There’s perhaps nothing more British than the pub.
Unique to our shores, and usually sporting a colourful hand-painted sign depicting the name thereof.
For a tradition that stems from the Roman times (houses selling food and drink were marked by a Vine branch or Bunch Of Grapes), the iconic hanging sign on the wall of many of our pubs is a nod to the past, a reminder of the history seeped within the walls and floorboards.
The first British pub signs were created in the 12th century and usually depicted a tankard, a barrel of beer or other brewing related items (The Hop Inn) to helpfully inform travellers and people passing by that beer could be purchased within – this was the dark ages, schooling was only for the rich and most of the population were illiterate! People would arrange to meet “at the Sign Of The Angel”, rather than “lets’ meet at the ‘Angel”, as we would now.
In 1393, the then King Richard II passed an act in Parliament which made it compulsory for drinking establishments to bear his emblem – a White Hart – to identify to the Official Ale Taster or Aleconner as it was known (yes, this job did exist) that the quality of the beer should be inspected therein. No coincidence today then, that many pub signs in England still feature a White Hart – the fifth most popular name for a pub.
Shortly after, Richard was deposed in 1399 and pub signs began to change images and names, to differentiate themselves from other drinking establishments in the town.
Often a nod to a nearby local business was alluded to; The Olde Forge, Carpenters Arms, The Wheelwrights.
But Richard wasn’t the only monarch to impact the humble pub sign; for when James I took the throne in 1603 of both England and Scotland, he decreed that the heraldic red lion be displayed on all ‘important buildings, including pubs’. As a result, the Red Lion, closely followed by The Crown are still the two most popular pub names today with 944 and 826 apiece.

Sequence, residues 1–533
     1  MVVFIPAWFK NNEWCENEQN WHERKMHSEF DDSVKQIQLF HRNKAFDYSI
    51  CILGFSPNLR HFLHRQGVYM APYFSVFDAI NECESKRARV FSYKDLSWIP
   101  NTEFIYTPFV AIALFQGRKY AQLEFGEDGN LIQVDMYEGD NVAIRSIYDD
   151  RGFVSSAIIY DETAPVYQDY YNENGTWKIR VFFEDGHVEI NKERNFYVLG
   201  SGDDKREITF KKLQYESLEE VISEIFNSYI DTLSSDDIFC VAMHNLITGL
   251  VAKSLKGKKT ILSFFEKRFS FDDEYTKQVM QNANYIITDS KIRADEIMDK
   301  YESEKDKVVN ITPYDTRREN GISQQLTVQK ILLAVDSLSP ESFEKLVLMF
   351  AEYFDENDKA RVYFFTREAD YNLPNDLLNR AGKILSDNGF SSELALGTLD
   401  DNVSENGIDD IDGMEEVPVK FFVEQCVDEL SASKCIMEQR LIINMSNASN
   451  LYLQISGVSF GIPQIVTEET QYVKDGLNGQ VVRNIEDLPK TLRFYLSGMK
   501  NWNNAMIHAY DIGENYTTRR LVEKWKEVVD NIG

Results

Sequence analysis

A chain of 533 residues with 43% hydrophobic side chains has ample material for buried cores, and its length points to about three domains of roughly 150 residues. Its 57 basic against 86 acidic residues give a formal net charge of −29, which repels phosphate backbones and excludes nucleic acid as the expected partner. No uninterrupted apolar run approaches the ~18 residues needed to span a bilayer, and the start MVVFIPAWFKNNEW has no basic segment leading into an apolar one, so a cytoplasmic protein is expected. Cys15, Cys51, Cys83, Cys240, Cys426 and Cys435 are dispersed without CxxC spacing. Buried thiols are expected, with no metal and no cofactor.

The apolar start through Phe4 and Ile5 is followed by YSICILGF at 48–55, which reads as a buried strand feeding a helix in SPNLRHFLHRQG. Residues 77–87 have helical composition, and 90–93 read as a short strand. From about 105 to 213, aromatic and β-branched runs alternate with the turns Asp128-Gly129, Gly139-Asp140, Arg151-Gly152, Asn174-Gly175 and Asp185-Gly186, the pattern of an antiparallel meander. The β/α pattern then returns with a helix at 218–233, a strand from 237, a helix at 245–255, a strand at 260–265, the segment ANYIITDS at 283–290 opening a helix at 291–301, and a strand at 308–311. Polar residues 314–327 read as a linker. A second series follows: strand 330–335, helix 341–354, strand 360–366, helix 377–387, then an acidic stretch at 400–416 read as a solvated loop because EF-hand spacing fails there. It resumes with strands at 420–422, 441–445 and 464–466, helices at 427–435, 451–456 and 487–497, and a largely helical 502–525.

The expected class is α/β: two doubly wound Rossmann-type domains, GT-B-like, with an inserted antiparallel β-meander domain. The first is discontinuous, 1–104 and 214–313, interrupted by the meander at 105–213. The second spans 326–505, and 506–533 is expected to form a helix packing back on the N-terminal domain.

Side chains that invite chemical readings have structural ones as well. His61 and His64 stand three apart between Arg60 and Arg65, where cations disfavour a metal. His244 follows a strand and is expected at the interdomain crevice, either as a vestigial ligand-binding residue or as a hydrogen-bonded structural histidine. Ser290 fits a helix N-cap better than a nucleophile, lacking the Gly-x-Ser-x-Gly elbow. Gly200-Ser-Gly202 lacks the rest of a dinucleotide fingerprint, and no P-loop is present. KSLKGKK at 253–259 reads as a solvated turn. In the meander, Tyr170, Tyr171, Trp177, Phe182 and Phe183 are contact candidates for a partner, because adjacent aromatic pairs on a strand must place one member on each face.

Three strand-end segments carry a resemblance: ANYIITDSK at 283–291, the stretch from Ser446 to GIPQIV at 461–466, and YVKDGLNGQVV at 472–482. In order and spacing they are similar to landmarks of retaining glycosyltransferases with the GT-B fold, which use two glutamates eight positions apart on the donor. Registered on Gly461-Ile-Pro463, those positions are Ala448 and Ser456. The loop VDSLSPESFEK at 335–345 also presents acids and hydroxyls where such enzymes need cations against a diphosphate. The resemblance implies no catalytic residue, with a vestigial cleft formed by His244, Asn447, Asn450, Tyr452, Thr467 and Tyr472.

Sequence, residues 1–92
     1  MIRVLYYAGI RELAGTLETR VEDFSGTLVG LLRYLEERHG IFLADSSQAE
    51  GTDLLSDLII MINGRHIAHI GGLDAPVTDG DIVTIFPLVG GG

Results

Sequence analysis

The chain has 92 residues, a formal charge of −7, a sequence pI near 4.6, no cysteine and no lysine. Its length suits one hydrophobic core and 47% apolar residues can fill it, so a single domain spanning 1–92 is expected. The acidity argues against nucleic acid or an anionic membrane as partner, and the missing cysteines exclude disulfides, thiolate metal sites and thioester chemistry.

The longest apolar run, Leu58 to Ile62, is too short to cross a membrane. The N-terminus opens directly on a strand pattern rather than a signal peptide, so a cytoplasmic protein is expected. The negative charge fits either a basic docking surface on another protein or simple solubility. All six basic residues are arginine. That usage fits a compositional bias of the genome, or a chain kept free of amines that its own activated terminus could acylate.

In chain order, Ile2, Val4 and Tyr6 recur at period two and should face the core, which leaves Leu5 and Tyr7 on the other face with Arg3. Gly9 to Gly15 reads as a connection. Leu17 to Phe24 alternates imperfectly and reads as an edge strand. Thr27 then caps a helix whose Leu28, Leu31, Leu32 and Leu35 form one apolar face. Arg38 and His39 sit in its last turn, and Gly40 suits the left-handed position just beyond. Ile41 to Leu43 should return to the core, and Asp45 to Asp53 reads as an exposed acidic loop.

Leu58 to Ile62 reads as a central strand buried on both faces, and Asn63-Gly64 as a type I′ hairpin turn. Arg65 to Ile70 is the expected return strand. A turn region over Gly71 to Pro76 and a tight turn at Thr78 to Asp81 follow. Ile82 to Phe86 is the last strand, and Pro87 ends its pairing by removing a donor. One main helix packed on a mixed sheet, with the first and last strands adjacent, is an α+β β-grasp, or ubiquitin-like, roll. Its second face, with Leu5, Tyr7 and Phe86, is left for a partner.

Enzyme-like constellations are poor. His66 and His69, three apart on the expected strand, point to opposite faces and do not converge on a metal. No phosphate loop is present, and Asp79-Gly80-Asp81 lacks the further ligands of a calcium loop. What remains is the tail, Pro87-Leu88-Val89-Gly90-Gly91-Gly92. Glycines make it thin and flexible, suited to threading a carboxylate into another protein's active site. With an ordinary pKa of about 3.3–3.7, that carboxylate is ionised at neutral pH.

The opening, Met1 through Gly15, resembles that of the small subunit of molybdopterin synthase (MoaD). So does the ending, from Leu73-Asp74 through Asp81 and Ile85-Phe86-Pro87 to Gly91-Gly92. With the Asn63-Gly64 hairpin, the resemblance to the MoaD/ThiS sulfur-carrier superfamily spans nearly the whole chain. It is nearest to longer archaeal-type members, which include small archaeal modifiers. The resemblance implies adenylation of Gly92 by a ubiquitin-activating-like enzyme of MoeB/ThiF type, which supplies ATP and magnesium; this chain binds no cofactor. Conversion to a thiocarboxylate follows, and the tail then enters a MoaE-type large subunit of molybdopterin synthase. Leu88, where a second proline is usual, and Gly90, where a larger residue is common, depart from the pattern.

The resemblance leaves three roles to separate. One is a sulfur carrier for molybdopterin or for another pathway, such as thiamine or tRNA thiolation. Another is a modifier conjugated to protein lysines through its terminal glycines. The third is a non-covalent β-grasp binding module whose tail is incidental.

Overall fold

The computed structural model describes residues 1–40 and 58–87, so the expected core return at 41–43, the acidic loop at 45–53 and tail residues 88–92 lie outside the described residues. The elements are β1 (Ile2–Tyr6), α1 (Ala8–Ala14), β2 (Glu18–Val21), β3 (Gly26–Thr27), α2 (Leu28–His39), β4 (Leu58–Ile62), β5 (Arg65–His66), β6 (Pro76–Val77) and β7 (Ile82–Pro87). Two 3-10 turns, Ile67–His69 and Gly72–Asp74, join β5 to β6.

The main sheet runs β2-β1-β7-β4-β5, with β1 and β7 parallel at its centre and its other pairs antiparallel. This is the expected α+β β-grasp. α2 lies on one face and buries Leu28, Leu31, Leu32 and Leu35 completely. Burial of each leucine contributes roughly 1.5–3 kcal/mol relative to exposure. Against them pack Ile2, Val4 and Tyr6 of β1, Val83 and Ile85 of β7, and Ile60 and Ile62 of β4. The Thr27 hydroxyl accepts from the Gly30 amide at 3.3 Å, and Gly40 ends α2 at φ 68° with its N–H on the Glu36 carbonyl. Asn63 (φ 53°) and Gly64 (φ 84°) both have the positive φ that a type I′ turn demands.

When Henry VIII split with the Catholic church, pub signs with religious themes – The Angel, The Lamb & Flag (the lamb representing Christ and the flag, the symbol of the Crusaders) were removed in favour of those depicting royalty.
Important Monarchs continued to enjoy pub sign notoriety throughout history, likewise, famous battles at land and sea captured the imagination of publicans and sign writers alike – Kings, Queens, Dukes, Duchesses, Marquis, Admirals, have all been depicted, likewise sporting themes such as hunting – Greyhound, Fox & Hounds, Hare & Hounds – The Bird In Hand, said to take its name from Henry VIII’s love of falconry.
Today, more modern sporting pastimes are portrayed – The Cricketers, The Jolly Angler, The Bat & Ball to name but a few.
With thousands of pubs now lost, and with them hand-painted reminders of a once industrious town or important historic event, perhaps we should all take a moment to stand and appreciate this ode to history above our heads before we head for our next pint.